. Our difference on whether to go beyond the general democratic movement also appears in the analysis of the peasant movement. I advocated in my article that the proletariat, while supporting the peasant revolts, must simultaneously take a critical stand toward the views set forward by the Zapatistas and similar movements. The CWV, not just Anita but Jack Hill and Sarah, instead glorify the Zapatista program and present the ejido (Mexican agrarian co-ops with small-scale peasant agriculture) as quasi-socialist.

. Thus on the agrarian question, the CWV puts a "revolutionary" gloss on the current struggles. It considers that the Zapatistas will in fact be taking the democratic demands to their "revolutionary limits" if only they stop supporting the bourgeois reformist party (the PRD, Cuauhtemoc Cardenas's Party of the Democratic Revolution). Here again, the CWV is unable to support a struggle without painting it in flaming red colors. Instead of articulating an independent proletariat stand on the countryside, they become the left fringe of the Zapatista leadership. While Anita and the CWV pin their hopes for socialism on moving the Zapatistas to the left, I on the contrary advocate that the proletariat and socialist activists must recognize the petty-bourgeois character of the general peasant movement. Such peasant movements generally can't see beyond more aid to small-scale peasant farming, don't recognize the reasons for the ongoing decay of the ejido, and don't take notice of the exploitation of the poor peasants by their richer neighbors inside the ejido (talking only of their exploitation by forces outside the ejido). So to build a socialist movement in the countryside, the urban proletariat and socialist activists have to do more than support the general peasant revolts. They must also encourage the rural workers and poor peasants to unite in their own class organizations in defense against the rich peasants (as well as other exploiters) and to recognize the poverty for the majority that is inherent in small-scale peasant farming.

. Anita replies to these points by saying that "the CV author doesn't understand the indigenous peasant movement". Yet, although the CV has published a good deal of material on what's happening in the ejidos, Anita refuses to give her views on this question. In her article, she resolutely closes her eyes to the class differences developing within the ejidos and agrarian communities and among the peasants; she talks only of the class differentiation in the countryside between the ejidos and poor peasantry on one side and the various ranchers and capitalist exploiters outside the ejido. She continues the CWV policy of going beyond support of the peasant uprisings to idealizing them, saying that the ejidos and indigenous agrarian communities in the Lacandona Jungle (where the EZLN is based) are different from those elsewhere. Indeed, she implies that in southern Mexico, and perhaps throughout Mexico, the peasant movement is already a movement of poor peasants and rural laborers in their own interests, thus ignoring the real character of the general peasant movement and overlooking the varying stands taken by politically-active peasants. Indeed, she even claims that there isn't much class difference between the peasants and workers. On the question of whether the ejidos and agrarian communities are socialist or near-socialist institutions, she avoids any direct discussion of the theories set forward previously by other authors in CWV and by El Machete.

How Anita presents our differences

. Anita however sums up the differences between us differently. She pretends that I am disparaging socialist work and stand only for "some democratic changes". She writes that:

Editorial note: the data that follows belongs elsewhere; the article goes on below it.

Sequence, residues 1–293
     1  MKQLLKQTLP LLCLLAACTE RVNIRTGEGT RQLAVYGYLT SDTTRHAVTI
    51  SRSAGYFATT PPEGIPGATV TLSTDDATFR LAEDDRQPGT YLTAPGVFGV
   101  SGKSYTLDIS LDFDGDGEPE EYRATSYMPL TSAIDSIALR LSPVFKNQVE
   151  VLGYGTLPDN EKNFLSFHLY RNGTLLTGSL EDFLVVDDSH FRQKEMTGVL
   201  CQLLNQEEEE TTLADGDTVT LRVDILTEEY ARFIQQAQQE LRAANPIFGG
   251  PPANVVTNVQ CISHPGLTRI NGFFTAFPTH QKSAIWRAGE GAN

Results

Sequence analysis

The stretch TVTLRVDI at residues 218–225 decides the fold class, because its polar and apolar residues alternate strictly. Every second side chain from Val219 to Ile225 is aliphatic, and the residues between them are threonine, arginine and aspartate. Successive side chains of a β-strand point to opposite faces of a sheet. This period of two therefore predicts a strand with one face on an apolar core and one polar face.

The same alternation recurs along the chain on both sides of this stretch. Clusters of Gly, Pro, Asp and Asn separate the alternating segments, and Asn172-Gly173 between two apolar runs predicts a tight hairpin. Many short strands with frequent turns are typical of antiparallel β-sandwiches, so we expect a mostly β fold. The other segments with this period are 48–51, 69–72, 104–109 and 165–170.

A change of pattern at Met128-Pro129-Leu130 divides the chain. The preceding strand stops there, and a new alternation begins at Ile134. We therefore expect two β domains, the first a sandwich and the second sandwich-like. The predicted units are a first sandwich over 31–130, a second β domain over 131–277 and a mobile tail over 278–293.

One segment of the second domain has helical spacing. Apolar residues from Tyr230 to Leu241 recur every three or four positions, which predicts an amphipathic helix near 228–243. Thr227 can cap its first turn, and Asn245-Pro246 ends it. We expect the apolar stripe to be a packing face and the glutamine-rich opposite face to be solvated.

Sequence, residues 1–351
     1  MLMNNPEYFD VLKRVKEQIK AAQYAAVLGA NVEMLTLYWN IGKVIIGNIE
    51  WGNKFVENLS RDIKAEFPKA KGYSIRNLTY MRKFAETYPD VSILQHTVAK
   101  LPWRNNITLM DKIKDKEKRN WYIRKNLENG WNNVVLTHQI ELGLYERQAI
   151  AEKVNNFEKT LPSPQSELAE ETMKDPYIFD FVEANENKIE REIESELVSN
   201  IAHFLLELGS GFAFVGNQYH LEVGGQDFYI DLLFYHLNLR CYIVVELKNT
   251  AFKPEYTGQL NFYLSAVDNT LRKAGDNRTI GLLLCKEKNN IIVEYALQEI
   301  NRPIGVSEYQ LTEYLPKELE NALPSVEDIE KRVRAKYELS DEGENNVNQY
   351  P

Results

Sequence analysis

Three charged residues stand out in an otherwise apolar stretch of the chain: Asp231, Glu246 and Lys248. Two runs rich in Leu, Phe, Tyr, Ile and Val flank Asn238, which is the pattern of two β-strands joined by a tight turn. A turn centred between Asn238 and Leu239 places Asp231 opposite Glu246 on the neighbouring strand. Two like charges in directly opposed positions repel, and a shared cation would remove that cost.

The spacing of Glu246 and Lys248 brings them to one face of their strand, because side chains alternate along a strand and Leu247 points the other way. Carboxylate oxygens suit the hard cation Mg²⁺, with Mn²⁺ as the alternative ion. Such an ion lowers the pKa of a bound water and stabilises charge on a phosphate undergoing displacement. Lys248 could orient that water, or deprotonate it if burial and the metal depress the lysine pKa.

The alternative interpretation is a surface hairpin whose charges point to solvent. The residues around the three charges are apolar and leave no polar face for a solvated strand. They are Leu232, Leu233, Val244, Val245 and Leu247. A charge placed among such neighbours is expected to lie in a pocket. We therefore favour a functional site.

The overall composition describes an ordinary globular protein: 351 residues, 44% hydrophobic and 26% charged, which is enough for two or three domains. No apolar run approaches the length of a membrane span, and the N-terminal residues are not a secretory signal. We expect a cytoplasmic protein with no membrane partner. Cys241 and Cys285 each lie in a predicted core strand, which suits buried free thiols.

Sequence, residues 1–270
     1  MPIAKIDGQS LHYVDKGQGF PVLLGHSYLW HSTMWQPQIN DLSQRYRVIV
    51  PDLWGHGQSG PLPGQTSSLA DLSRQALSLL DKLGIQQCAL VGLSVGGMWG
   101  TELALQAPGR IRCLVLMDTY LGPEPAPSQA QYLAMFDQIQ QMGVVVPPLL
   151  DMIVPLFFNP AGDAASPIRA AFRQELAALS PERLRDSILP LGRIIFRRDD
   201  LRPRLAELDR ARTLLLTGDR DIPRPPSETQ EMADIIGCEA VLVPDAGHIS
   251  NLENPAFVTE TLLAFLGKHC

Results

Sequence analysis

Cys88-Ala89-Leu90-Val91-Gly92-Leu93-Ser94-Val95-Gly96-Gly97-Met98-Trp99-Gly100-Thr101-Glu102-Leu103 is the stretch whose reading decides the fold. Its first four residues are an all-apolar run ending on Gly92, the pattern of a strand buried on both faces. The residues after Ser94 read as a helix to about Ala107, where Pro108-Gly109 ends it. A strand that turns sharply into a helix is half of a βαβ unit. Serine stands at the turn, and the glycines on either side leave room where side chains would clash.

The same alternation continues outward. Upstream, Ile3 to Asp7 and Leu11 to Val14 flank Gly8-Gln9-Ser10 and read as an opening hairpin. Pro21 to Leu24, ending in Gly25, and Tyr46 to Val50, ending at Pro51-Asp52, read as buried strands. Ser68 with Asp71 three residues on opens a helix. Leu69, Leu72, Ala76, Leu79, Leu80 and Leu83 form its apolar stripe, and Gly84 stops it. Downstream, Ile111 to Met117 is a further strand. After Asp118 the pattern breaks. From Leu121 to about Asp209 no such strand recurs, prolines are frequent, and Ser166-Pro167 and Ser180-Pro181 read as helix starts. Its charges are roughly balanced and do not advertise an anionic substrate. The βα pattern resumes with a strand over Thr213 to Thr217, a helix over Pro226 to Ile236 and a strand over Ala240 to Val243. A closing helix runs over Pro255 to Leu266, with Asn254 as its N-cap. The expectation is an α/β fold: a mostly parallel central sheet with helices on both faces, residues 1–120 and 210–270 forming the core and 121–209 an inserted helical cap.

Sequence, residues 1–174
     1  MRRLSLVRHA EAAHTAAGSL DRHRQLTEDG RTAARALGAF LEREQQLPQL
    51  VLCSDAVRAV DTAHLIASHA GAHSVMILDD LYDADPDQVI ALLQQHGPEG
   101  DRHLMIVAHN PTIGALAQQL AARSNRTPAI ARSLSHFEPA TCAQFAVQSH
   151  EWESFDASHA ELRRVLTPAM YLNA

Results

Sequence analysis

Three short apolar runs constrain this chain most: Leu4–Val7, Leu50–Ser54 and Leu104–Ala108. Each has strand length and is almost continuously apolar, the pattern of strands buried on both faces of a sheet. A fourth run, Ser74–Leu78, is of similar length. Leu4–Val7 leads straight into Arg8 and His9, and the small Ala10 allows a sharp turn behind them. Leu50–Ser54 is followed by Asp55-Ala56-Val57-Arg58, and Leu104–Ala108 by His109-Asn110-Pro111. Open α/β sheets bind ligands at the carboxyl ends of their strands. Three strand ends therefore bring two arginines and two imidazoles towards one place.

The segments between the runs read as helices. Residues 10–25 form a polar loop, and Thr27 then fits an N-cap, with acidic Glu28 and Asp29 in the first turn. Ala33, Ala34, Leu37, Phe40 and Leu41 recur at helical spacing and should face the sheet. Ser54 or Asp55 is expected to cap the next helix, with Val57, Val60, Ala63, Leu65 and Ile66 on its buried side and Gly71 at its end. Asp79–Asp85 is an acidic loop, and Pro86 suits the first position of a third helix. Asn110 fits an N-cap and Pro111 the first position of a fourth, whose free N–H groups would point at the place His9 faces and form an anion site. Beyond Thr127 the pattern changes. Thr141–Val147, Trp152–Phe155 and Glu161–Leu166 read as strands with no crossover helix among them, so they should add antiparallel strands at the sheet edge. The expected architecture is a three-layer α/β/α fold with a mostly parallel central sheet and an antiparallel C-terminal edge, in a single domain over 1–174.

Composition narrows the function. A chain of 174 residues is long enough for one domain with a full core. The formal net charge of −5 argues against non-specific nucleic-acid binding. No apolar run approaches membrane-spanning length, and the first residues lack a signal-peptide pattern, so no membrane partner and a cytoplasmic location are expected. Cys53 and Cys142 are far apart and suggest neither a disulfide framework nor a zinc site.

. "The Communist Voice author asserts that I and other authors in the CWV cannot accept that the possibility of change in Mexico is only for 'some democratic changes' so we are painting the struggle of the masses (i. e. the EZLN), as socialist. One doesn't have to be very astute to observe that the socialist revolution is not imminent in Mexico, and that the fight for democratic demands is not a fight for socialism. It seems that the CV author doesn't understand the indigenous peasant movement, nor the relationship between the fight for democratic demands and the process of gathering forces and building organization for a socialist revolution in Mexico. "
. From this, a reader might imagine that I had opposed carrying out socialist work in the name of realism. One might be confused about who it is who says that the current perspective should focus solely on "democratic demands", and imagine that Anita is defending the need to work for socialism even at present. In actual fact, far from advocating that the only "possibility of change" in Mexico is some democratic tinkering, I have advocated that the activists should seek to build a socialist movement and take up protracted work for socialist revolution. I have pointed out the limited nature of the ongoing changes in Mexico not in order to restrain the activists to bourgeois "realism", but in order to encourage them to go beyond such "realism" and to see what is necessary to build a truly radical movement, one devoted to the class interests of the proletariat. Such a movement, while seeking to achieve the maximum in democratic liberties for the masses, will also seek to develop the class struggle against exploitation.

. And Anita? When one ponders the rest of her article, it turns out that it is she who presents the overall task as simply taking the "democratic demands" to "their revolutionary limits". She creates revolutionary expectations while limiting the framework of all revolutionary work to "democratic demands". Instead of dealing with how to utilize the current Mexican crises to develop a mass independent proletarian movement, which would be a real revolutionary change that would electrify the world working class movement, she talks of pushing the overall situation in Mexico to "revolutionary limits" and about an ongoing "Mexican revolution" which is supposedly analogous in some ways to the democratic revolution in Russia in 1905. This shows that she can't deal with the reality of protracted work in a situation where the revolution is far off, and doesn't know how to carry out socialist work while democratization is going on.